The employer of a trucker who illegally parked his rig alongside a freeway bears some responsibility for the death of a driver who lost control of his pickup and slammed into the truck, the state Supreme Court has ruled.
Monday's unanimous decision reinstated a San Bernardino County jury's verdict that found Ralphs Grocery Co. was 10 percent at fault for a crash on the shoulder of Interstate 10 that killed Adelelmo Cabral. That share, in a lawsuit by Cabral's widow, amounted to $475,000.
Cabral, a construction worker, was driving his pickup truck home from work in February 2004 when he swerved through traffic, veered onto the dirt shoulder to the right of the freeway and slammed into the rear of a Ralphs tractor-trailer, 16 feet off the pavement, at 70 to 80 mph, the court said.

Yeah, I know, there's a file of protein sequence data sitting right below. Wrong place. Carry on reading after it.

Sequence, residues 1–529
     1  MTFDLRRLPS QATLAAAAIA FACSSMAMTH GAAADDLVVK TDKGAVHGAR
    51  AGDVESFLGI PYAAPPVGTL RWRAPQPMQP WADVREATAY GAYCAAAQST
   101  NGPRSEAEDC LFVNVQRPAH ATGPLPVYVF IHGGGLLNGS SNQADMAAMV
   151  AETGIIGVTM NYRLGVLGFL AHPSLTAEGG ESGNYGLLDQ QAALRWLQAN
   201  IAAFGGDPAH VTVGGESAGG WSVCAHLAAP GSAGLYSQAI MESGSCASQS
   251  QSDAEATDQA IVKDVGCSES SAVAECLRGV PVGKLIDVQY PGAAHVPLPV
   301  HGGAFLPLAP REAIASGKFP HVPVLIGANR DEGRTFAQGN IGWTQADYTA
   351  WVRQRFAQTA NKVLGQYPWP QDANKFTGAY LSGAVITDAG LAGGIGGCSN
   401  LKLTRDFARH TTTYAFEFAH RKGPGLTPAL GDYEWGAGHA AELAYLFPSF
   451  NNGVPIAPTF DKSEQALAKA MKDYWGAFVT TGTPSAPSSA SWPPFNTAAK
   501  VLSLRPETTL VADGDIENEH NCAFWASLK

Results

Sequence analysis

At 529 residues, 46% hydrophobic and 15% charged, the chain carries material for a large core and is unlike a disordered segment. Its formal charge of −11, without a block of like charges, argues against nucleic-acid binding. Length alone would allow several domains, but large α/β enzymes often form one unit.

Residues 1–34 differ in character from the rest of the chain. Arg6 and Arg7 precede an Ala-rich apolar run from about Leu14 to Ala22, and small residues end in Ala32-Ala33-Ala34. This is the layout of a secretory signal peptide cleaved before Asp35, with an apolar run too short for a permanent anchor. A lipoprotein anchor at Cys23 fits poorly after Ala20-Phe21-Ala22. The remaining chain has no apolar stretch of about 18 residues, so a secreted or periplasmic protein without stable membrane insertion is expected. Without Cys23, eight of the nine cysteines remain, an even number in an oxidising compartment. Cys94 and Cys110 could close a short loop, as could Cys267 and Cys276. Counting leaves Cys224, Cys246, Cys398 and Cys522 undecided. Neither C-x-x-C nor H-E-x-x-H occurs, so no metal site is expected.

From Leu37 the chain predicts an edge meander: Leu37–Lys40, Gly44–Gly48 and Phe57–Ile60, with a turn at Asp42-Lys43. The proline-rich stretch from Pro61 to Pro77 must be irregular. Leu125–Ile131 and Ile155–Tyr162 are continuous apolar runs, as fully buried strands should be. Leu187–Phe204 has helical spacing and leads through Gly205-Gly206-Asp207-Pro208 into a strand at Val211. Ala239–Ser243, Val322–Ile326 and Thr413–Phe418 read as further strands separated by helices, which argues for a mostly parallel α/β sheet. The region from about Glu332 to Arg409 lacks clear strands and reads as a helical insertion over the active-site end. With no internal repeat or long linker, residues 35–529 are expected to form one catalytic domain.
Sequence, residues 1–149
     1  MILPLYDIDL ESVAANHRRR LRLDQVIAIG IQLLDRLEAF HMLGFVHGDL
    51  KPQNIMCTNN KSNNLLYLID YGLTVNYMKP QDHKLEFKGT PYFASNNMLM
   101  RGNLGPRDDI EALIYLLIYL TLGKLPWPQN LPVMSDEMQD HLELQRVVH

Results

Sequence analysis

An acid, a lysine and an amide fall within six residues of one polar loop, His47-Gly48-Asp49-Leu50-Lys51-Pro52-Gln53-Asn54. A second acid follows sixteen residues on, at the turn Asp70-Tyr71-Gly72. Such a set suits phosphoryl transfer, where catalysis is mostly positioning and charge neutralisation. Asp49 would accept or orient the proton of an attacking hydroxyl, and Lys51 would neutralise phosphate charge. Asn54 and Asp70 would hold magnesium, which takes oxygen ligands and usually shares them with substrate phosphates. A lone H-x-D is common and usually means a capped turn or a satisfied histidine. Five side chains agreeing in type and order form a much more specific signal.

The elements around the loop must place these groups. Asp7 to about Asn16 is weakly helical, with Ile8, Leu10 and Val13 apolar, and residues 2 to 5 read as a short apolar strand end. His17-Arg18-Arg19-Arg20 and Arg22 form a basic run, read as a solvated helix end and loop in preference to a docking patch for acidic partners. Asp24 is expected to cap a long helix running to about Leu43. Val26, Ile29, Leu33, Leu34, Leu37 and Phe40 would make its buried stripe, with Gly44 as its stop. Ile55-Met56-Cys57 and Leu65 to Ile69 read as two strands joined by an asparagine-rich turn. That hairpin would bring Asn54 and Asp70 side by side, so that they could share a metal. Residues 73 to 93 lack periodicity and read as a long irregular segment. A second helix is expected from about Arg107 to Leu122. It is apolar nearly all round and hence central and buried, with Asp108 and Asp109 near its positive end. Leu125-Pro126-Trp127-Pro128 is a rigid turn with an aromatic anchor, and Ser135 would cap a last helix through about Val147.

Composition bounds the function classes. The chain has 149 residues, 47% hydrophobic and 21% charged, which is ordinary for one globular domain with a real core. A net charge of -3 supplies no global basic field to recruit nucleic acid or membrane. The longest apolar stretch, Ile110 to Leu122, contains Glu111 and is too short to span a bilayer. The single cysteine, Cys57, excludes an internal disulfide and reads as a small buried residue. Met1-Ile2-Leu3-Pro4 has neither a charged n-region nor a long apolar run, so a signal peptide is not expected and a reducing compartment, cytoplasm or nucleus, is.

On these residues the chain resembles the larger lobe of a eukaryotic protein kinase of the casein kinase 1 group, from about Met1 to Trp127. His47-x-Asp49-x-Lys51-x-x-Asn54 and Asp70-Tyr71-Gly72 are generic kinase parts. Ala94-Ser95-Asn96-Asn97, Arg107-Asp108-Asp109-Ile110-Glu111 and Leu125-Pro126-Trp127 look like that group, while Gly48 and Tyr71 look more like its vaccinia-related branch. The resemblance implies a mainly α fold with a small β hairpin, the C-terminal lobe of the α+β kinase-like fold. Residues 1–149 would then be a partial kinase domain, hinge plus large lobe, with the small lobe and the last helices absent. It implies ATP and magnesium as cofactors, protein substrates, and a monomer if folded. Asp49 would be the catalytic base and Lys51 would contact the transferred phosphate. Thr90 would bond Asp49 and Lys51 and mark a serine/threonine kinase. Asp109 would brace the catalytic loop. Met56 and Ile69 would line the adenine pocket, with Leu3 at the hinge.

Cabral had not been drinking and either fell asleep at the wheel or suffered a health problem, medical personnel testified.
Caltrans had posted the area for emergency parking only, but the trucker, Hen Horn, regularly parked there to have a snack, the court said.
A state appeals court overturned the verdict that found Ralphs partially at fault, saying the company had no legal obligation to protect motorists from a negligently parked truck because a roadside crash was no more than a remote possibility.
But the state's high court said a crash into a vehicle parked next to a freeway is "clearly foreseeable," and the vehicle owner's degree of responsibility is a question for the jury to decide.
Jeffrey Ehrlich, a lawyer for plaintiff Maria Cabral, said the ruling should send a signal to judges in California to let juries decide questions of negligence and responsibility. But Ralphs' lawyer, Lillie Hsu, said the court's action was alarming.
"After this decision, there's no safe place to park in California," she said. "No matter where you park, if someone hits you, you can be hauled into court and a jury can decide whether you had a good enough reason to park there."